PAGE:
In Europe, more than three million people each year are diagnosed with cancer, and it is widely expected that this number will increase dramatically in the next 20 years. This has led clinicians and technology innovators to look at new ways to manage a growing patient population more efficiently to ensure that the healthcare infrastructure can cope and, more importantly, patient outcomes improve.

At a time when people are increasingly reliant on mobile devices in many areas of their lives, it seems natural to extend the capability of those devices into healthcare, particularly for severe medical conditions where patient involvement and personalised care can have an enormous impact. Cancer is a prime example of a disease that requires continual support for patients and would benefit greatly from improvements in systems that support self-care for outpatients.

Remote patient monitoring – capturing information electronically off site – can improve the accuracy of clinical data and increase the frequency of data collection, as well as getting patients more involved in their care. Roma Maguire, professor of cancer care and head of e-health at the school of health sciences at the University of Surrey, is engaged in a pan-European study called eSMART (Electronic Symptom Management System Remote Technology) that could have huge implications for the future of mobile health (mHealth) applications.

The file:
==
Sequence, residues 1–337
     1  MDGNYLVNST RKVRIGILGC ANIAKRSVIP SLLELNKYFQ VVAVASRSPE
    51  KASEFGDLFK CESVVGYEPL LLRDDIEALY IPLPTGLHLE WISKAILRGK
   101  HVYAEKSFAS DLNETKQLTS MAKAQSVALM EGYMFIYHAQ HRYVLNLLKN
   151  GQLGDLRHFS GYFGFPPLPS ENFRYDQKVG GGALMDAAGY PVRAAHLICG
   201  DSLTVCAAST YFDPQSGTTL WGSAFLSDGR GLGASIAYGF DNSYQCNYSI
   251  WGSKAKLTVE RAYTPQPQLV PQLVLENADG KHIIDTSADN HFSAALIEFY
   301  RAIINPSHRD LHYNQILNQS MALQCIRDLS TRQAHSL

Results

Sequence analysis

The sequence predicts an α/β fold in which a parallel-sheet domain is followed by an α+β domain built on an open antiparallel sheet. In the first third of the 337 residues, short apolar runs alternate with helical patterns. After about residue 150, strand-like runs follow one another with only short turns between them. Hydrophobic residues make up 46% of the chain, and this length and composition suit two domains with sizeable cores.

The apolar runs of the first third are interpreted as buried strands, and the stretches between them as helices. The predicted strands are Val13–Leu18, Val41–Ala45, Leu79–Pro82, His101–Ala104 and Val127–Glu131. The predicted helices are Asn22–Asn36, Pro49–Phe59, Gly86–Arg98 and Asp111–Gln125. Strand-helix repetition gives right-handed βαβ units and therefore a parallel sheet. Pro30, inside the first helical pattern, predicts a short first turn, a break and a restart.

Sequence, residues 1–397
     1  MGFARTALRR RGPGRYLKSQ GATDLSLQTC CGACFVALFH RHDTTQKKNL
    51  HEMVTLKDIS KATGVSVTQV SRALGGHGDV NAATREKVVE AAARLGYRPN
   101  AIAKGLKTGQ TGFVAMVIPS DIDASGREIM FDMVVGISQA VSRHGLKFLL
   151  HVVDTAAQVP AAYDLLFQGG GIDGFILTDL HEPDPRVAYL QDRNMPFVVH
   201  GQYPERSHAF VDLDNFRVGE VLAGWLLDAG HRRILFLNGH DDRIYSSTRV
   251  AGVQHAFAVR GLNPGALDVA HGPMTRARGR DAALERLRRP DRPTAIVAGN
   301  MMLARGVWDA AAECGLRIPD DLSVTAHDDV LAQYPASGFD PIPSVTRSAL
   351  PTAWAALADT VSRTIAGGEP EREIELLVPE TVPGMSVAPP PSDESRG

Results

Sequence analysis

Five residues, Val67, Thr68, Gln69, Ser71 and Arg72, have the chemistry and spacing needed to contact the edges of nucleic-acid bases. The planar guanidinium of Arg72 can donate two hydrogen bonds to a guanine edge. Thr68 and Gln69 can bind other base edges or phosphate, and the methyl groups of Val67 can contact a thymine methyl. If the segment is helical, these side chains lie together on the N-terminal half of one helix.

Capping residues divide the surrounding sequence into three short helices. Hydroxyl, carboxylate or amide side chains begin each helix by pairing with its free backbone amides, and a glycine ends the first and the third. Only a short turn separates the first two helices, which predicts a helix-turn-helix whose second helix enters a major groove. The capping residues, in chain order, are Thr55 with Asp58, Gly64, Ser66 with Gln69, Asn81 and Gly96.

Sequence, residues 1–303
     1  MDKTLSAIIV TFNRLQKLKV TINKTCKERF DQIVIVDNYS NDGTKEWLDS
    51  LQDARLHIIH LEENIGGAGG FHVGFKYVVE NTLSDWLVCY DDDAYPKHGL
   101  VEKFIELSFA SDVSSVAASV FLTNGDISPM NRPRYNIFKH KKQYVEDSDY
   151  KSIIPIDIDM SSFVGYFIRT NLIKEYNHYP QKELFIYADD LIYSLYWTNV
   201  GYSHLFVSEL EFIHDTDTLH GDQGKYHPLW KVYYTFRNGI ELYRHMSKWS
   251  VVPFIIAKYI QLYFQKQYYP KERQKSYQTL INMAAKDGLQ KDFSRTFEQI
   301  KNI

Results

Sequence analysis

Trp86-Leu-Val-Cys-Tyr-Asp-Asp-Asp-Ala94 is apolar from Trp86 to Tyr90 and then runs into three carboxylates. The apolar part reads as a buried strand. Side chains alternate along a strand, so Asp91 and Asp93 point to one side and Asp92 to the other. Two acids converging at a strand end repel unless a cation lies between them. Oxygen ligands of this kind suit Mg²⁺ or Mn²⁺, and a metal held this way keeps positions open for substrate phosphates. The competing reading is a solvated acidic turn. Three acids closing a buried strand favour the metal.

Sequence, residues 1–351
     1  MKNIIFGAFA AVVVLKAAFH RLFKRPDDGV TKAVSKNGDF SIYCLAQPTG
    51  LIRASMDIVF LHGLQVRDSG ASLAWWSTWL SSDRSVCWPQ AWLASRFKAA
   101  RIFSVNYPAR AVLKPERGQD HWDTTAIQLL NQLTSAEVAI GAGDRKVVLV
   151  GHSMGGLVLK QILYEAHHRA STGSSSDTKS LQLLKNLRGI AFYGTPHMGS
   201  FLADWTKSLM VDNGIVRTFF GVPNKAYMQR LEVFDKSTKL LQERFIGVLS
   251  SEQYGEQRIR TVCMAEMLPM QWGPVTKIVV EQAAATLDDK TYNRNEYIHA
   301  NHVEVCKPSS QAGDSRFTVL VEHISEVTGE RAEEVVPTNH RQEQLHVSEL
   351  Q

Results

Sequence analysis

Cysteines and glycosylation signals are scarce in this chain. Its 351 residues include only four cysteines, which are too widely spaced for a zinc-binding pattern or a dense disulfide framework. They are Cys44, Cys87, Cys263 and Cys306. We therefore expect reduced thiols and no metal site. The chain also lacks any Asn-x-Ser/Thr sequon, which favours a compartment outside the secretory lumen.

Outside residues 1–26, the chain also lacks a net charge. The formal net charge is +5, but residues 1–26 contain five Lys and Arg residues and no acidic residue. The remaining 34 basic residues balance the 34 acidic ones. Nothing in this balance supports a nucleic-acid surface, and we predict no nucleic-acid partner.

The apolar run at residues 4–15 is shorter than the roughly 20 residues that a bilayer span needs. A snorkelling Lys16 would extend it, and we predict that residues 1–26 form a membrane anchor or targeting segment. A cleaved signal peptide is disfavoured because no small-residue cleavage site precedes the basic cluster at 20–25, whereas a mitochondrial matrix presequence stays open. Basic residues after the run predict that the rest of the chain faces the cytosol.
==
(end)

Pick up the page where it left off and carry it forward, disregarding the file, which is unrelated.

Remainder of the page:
"When you look at standard delivery of chemotherapy, it is largely done on an outpatient basis – the patient gets treatment and then goes home. That means that any reaction to the treatment will happen in the home environment, so it is up to the patients to decide whether they need to contact the hospital about any symptoms they might be experiencing. As a result, they may wait until the symptoms become severe and need more interaction from clinicians, or even a period of hospitalisation," she explains.


Maguire has a long track record of research in e-health, cancer care, LTC management, patient experience and many other fields. The latest research she has embraced is the eSMART study, which is evaluating the impact of a mobile-phone-based remote patient monitoring system on chemotherapy-related toxicity.

The pioneering study has received funding from the European Union’s Seventh Framework for research, technological development and demonstration. It could transform cancer care and significantly reduce healthcare costs by enabling cancer care clinicians to monitor patients undergoing chemotherapy treatment for breast, bowel and blood cancers via their mobile phones. Maguire is the project’s deputy coordinator of the randomised controlled trial, which has received €6 million from the EU and will run for five years.